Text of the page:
What Do Teachers Need for Their Classroom?

What Do Teachers Need for Their Classroom?

24 July 2022 • Words by Kate Purnell 3 mins

Every teacher needs some essential items in their classroom that aren’t necessarily always at the forefront of one’s mind. Having the right atmosphere and helpful supplies can mean a world of difference to a productive teaching day. After all, American teachers spend just under 1,000 hours in their classrooms a year! This means there is no reason why giving your classroom a little TLC wouldn’t benefit you and your students in the long run. 

So aside from your file folders, pens, paper, and normal teaching supplies, here are a few items that could contribute to a pleasant and resourceful environment. 

What Do Teachers Need for Their Classroom?

Small Desk Fan

During warmer weather, if your school doesn’t have air conditioning or if it’s not adequate, a desk fan helps circulate air to keep the classroom cooler. This will help you and your students focus better. The Moshi Sound Furnando’s Fan is a go-to as background sound while kids are working.

Antibacterial Hand Gels and Wipes

If there is anything the pandemic taught us, it’s how important sanitation is, especially in the winter months. I keep a large bottle of antibacterial gel on a desk near the door and a smaller one on my desk. I interact with so many people during the day, it comes in handy.

The wipes are used to clean off my desk, laptop, and other devices, like my digital board remote and tablets. I also keep antibacterial wipes in a drawer in my desk for random needs such as pens exploding in kids’ hands. These wipes enable them to wipe the ink off quickly and hold off on disturbing the lesson to exit to wash their hands in a bathroom. 

This quick Moshi Moment is perfect for teaching kids about germs: Keep Lurgee Away (The Moshi Washy Way).

Paper Towel and Antibacterial Spray

I leave these on the desk with the hand gel. They are great for random spills made by me or my students and for wiping down a desk if needed.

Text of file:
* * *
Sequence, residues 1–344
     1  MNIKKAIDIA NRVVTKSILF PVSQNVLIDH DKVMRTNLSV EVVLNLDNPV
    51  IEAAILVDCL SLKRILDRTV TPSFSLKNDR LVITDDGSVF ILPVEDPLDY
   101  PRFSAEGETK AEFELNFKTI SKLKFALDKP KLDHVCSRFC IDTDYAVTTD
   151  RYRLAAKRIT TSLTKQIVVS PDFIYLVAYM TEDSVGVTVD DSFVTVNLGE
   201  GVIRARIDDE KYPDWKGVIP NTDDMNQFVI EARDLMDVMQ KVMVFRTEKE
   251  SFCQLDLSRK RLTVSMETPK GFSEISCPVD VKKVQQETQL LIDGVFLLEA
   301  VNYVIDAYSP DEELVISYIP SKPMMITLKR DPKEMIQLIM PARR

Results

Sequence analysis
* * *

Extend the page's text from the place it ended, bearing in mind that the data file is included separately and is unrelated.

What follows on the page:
We all know that these are important to help with those runny noses and unlucky nose bleeds!

Personal First Aid Kit

I keep a small supply of bandaids, pain relievers, and antacids, just in case.

Sanitary Pads and Tampons

If you teach female students, these are important emergency items to have. Not all schools provide menstrual sanitation support and there are also some young females who come from homes where “period poverty” is an issue. This is a way for you to be there for a student at a stressful moment of unexpected menstruation. It’s also great to speak to your school about how to combat period poverty. There are various charities that you can connect your learning community with such as Alliance for Period Supplies.

Cough drops/lozenges

Always keep some cough drops/throat lozenges for emergencies! Speaking all day long, especially in cold and flu season, can be challenging and I am grateful for those times when I don’t have time to run to the staff room for a cup of tea to soothe my throat before a lesson. 

Chart paper

It’s key to have your classroom expectations displayed in a way that all students can see them, so you can always refer back if needed. It creates a sense of consistency and transparency.

Inspiring and Subject-Specific Decor

Don’t ever be afraid to give your room a bit of personality. Warm messages, inspiring affirmations and quotes, reading lists, and famous practitioners that relate to your subjects provide great ways to connect with students, start conversations, and contribute to a joyful environment for you all. Leave space for students to contribute their own work and ideas!


Plant life can cheer up your environment, and caring for it can even be a class responsibility. I have a plant on my desk to bring a bit of life into the room and to help see something green in the middle of the day. Studies show that plants can reduce stress, increase productivity, reduce sickness and absence, and contribute to cleaner air. For suggestions of good, low-maintenance plants to have indoors, check out the list here. Be mindful of allergies and make sure you don’t have a plant that is very fragrant or has lots of pollen. 

Growing a Flower Garden with ShiShi is a short track that teaches kids about guided imagery and how it is a powerful tool for focusing on happy thoughts.

Kate Purnell

Kate Purnell is originally from Oakland, Ca. She currently lives in the UK teaching Secondary English and Drama. An educator, writer and all-around multi-hyphenate, you can find her trying to get her students to fall in love with the power of the human story, writing her own or attempting to not be distracted during her yoga class. You can find her on Twitter and IG @KatePurnell